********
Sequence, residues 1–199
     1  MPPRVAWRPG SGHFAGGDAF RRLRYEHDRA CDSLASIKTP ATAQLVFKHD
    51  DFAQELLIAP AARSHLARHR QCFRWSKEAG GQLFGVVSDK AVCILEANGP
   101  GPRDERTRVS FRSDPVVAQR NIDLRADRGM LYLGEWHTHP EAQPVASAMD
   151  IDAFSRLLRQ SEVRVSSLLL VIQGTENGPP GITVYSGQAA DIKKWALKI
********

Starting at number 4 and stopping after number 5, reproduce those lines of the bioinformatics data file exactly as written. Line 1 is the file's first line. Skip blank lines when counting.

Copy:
   101  GPRDERTRVS FRSDPVVAQR NIDLRADRGM LYLGEWHTHP EAQPVASAMD
   151  IDAFSRLLRQ SEVRVSSLLL VIQGTENGPP GITVYSGQAA DIKKWALKI